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Missed support won't cost dad his license

(ran ET edition of TAMPA & STATE)

For three years, the state of Florida has taken away driver's licenses from people who shirk on child support.

It's a "wake-up call for deadbeats," Department of Revenue Director Larry Fuchs said last year while announcing tougher enforcement.

But sometimes, St. Petersburg resident Sam Alsop says, people fall behind on support for a reason. And yanking their licenses doesn't always help.

Alsop, 53, was laid off from his mechanic's job last summer. His chronic arthritis became so bad that his doctor advised against further heavy labor. A state agency began to retrain him as a financial planner.

And then a notice arrived in the mail: Pay up or lose your driver's license.

"I finally figured out what to do with my life, and this wrenched up the whole works," Alsop said Friday. "I couldn't do anything with clients without a license. You have to go see people."

This month, the courts agreed.

Hearing master Keela Roberts Samis noted that Alsop had lost most of his income and was selling his possessions to pay some support. Beyond that, it is unconstitutional to suspend a driver's license when a parent has no means to pay, she wrote. It "only punishes the person for being in a situation that was beyond his/her control."

Pinellas-Pasco Circuit Judge David A. Demers approved Samis' ruling and signed an order letting Alsop keep his driver's license. As of now, the ruling applies only to Alsop. But the state may well appeal, which could result in precedent being set.

"I'm sure we'll do some response legally," Revenue Department spokesman Chuck Springston said Friday.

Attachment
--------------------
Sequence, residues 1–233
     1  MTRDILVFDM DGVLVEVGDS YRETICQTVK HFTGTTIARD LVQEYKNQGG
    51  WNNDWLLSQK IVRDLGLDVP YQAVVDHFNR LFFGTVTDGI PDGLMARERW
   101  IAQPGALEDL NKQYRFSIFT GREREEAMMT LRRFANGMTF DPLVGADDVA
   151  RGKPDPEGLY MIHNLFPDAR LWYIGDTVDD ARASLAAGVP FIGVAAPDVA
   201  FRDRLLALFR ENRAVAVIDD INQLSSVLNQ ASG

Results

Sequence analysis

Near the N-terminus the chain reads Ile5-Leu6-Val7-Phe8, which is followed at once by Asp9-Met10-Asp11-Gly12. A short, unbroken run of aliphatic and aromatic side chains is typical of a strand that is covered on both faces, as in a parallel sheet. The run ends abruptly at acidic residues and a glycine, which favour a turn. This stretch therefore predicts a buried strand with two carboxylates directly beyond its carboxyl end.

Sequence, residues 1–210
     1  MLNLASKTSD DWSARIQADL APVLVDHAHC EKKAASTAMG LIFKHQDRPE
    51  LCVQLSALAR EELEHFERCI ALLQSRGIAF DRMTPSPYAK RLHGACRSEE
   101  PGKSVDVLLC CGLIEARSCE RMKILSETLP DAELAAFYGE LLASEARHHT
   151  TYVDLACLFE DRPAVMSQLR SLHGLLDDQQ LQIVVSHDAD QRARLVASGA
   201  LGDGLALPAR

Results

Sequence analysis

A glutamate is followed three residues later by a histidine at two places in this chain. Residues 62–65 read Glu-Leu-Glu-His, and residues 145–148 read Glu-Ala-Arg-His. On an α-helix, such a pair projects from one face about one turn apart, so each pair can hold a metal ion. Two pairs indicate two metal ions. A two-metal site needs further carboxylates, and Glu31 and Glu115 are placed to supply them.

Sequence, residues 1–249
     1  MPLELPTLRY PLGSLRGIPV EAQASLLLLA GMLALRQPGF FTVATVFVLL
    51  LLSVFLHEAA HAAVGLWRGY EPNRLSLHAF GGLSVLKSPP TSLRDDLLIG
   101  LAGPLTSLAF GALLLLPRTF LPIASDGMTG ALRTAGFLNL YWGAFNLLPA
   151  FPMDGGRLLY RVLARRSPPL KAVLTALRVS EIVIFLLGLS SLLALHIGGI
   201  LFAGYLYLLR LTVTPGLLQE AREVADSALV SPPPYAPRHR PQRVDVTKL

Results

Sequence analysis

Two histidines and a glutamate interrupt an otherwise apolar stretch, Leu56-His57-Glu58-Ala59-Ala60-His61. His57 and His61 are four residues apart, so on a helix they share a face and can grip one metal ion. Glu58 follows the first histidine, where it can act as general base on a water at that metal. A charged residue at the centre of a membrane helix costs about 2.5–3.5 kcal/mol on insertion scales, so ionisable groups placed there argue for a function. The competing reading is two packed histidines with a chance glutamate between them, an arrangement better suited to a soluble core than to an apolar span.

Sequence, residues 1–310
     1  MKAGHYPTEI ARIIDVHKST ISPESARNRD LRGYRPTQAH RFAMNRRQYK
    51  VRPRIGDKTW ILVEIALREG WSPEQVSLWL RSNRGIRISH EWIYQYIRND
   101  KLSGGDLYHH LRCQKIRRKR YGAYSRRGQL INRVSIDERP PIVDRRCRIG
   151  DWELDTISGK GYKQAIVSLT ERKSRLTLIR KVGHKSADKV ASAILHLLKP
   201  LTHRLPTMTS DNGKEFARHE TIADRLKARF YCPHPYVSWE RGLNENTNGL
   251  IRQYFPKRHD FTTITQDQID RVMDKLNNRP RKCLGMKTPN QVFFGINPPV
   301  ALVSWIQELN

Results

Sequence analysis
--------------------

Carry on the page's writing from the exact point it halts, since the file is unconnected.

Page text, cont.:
Since January 1994, more than 10,000 Floridians who have fallen behind on support payments have received notices that their driver's licenses are in jeopardy, Springston said. Most paid at least some of their debt. Only about 1,500 had their licenses suspended.

"It's only one of our enforcement tools, but it's an important tool," Springston said. "It has resulted in more than $1-million in collections."

Alsop said he will finish his financial planner training in March and will pay off his back support as soon as he can.

"The times I've been unemployed, the arrearage has built up," he said. "But when I have money rolling in, I pay it every week."

Meanwhile, his daughters, May Lee, 7, and Tamara, 5, spend most weekends with him at his girlfriend's house, he said. They like to skate or go to the beach, the park or the $1 theater. He drives his girlfriend's 1982 Volvo.

Alsop and the girls' mother moved to Florida from Connecticut six years ago and parted ways soon after they arrived. They never married, but there was never any question that Alsop had fathered the two girls, he said.

The children mainly lived with their mother, he said, while he shifted from job to job, hampered by chronic neck and shoulder pain. His income varied from $20,000 a year to "sometimes half that."

In 1993, the court set basic child support at $100 a week, plus $20 toward overdue support. Alsop said he made most of those payments until last summer, when he was laid off from a $10-an-hour job repairing recreational vehicles.

That was his last steady job.

He collected unemployment insurance, half of which was deducted automatically for child support. Every time he tried heavy labor, he said, "I'd be in so much pain, I'd come home and go right to bed."

In October, a doctor diagnosed advanced osteoarthritis of the spine. The Division of Vocational Rehabilitation accepted him into a training program.

When the state threatened to remove his driver's license, Alsop turned to Clearwater lawyer N. Christian Brown, an acquaintance who agreed to delay charging legal fees until Alsop could catch up on his support payments.

Bruce Kaplan, a St. Petersburg lawyer representing the Revenue Department, argued that driving is a privilege, not a right, and that a person's ability to pay back support is irrelevant.

But Brown argued that the legislative purpose _ getting money to kids _ couldn't be met if Alsop had no means to pay. So deprivation of his license would violate his right to due process, Brown contended.

"Sam is doing his best," Brown said. "If he'd lost his license, he couldn't have stayed in school, couldn't have visited would-be clients, couldn't have visited with his kids. I don't think that's what the Legislature wanted."

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